Each year, Character.org honors one individual for his or her long and steadfast commitment to the field of character education. The person so honored receives the prestigious “Sanford N. McDonnell Award for Lifetime Achievement in Character Education.” This year, Hyde School founder Joseph W. Gauld is the recipient of this prestigious award.
Decades before there was a national character development movement, Gauld was formulating a vision that put character first in the life of a school.
On New Year’s Eve in 1962 while teaching at New Hampton, Gauld had what he terms a “crisis of conscience” in which he realized a fundamental flaw in our educational system. The system fails many children, he maintained, because it is improperly based on achievement instead of effort, and on aptitude rather than attitude. Instead of merely preparing kids for the academic rigor of college, he felt we should be preparing them for the bigger picture–life.
Later, when he was headmaster at Berwick Academy, he realized he would have to found a new school if he wanted to develop a new concept of education.
What clued Gauld into the key to a student’s success in life was following the progress of two students he had in his calculus course. One was a discouraged Vermont farm boy who was getting the lowest grade in the class and lamented to Gauld that he worked twice as hard as his peers and got half as much out of the course. Gauld counseled him that his character and determination would maybe someday make him the best engineer in the course. Another student Gauld described as a lazy, self-centered genius. Gauld remarked that this student knew less about himself and life than any student he had ever taught, but he was getting the highest grade in the class. Years later Gauld followed up with them both and learned the genius had graduated from MIT at age 18, yet had been unemployed for the past 11 years. The Vermont farm boy had become a nationally recognized engineer.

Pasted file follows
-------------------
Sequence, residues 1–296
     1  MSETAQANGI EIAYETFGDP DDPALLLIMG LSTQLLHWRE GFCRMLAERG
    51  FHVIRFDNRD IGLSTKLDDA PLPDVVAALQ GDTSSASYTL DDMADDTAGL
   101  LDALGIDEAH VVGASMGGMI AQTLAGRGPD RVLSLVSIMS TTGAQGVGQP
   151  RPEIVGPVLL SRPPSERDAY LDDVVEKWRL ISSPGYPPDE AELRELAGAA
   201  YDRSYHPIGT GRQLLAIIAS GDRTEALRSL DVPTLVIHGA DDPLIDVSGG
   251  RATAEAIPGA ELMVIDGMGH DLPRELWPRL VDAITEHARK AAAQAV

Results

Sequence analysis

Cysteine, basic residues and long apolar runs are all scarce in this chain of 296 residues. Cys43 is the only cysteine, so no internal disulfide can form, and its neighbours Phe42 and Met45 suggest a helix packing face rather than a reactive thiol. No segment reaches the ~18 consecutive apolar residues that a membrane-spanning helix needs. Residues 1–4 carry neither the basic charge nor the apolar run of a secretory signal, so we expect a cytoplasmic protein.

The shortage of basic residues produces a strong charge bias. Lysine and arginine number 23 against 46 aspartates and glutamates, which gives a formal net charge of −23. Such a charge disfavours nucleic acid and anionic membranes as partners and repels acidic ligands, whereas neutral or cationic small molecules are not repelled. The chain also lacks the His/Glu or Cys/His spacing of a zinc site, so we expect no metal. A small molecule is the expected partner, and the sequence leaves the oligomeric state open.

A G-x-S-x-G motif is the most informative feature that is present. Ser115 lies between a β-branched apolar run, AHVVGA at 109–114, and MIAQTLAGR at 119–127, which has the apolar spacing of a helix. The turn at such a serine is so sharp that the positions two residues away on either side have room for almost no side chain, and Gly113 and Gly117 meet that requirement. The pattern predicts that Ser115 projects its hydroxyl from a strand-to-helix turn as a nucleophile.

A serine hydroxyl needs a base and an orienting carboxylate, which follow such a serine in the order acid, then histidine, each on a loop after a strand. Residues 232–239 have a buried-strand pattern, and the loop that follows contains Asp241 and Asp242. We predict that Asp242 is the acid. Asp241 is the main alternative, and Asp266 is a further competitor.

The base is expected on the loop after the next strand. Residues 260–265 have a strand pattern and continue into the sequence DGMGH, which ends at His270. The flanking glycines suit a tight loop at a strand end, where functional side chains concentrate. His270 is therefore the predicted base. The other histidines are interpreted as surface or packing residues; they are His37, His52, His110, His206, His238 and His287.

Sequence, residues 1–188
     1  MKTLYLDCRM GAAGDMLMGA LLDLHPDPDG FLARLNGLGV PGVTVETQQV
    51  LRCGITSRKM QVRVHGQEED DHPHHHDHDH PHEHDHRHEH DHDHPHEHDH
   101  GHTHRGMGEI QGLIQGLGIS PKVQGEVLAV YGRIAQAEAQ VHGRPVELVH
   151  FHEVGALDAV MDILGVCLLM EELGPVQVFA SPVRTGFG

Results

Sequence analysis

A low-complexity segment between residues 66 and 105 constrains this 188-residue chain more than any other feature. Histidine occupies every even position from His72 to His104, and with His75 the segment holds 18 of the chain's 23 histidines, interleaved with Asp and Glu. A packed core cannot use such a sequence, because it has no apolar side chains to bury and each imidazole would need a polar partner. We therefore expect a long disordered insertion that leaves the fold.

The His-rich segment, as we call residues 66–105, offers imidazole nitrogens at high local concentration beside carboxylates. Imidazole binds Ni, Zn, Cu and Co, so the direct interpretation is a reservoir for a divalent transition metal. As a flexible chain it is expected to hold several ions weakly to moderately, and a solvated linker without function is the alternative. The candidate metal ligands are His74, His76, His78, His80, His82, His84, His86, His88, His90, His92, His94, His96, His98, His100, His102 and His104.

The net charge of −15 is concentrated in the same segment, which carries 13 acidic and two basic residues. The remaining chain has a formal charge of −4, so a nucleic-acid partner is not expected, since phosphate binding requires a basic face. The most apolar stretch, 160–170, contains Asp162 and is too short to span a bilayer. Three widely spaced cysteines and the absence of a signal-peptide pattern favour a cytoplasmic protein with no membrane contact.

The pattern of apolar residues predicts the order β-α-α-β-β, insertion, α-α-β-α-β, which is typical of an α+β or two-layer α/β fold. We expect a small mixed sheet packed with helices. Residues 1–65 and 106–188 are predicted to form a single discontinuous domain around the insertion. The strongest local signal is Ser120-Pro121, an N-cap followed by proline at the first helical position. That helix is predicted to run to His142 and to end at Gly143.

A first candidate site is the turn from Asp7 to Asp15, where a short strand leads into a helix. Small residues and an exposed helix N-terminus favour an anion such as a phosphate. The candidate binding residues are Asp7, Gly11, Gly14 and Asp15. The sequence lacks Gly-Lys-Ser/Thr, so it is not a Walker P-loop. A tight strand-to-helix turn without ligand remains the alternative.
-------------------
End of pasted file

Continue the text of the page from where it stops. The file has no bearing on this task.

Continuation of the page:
One of Gauld’s nominators, Matt Davidson, said, “In 1966, Joe saw a need – too many students were falling through the cracks, some were excelling academically but lacking integrity, others were star athletes but inconsiderate and off-track, and others were on the sidelines of life, feeling afraid and under-qualified to fully engage. Joe left his job as a prep school educator to start Hyde School in Bath, Maine.”
Gauld has written four books—Character First: The Hyde School Difference (1993); Hyde: Preparation for Life (2003); Nature’s Parenting Process: 5 Simple Truths to Empower Our Children (2010); What Kids Want—and Need—from Parents: How to Bond With and Mentor Children (2012)—and is now working on a fifth. He regularly writes blogs on education and parenting for the Huffington Post. His columns have appeared in The Wall Street Journal, Education Week, The Washington Post, The Boston Globe, and Independent School magazine. His work has been featured on “The Donahue Show,” NBC’s “Today Show,” ABC’s “20/20,” and CBS’s “60 Minutes.”
Gauld received his award at the 2016 National Forum on Character Education before an audience that included educators and community leaders from 45 states and 20 countries. The 2016 National Forum took place in Washington, DC, in October. The award ceremony was sponsored by Learning for Life.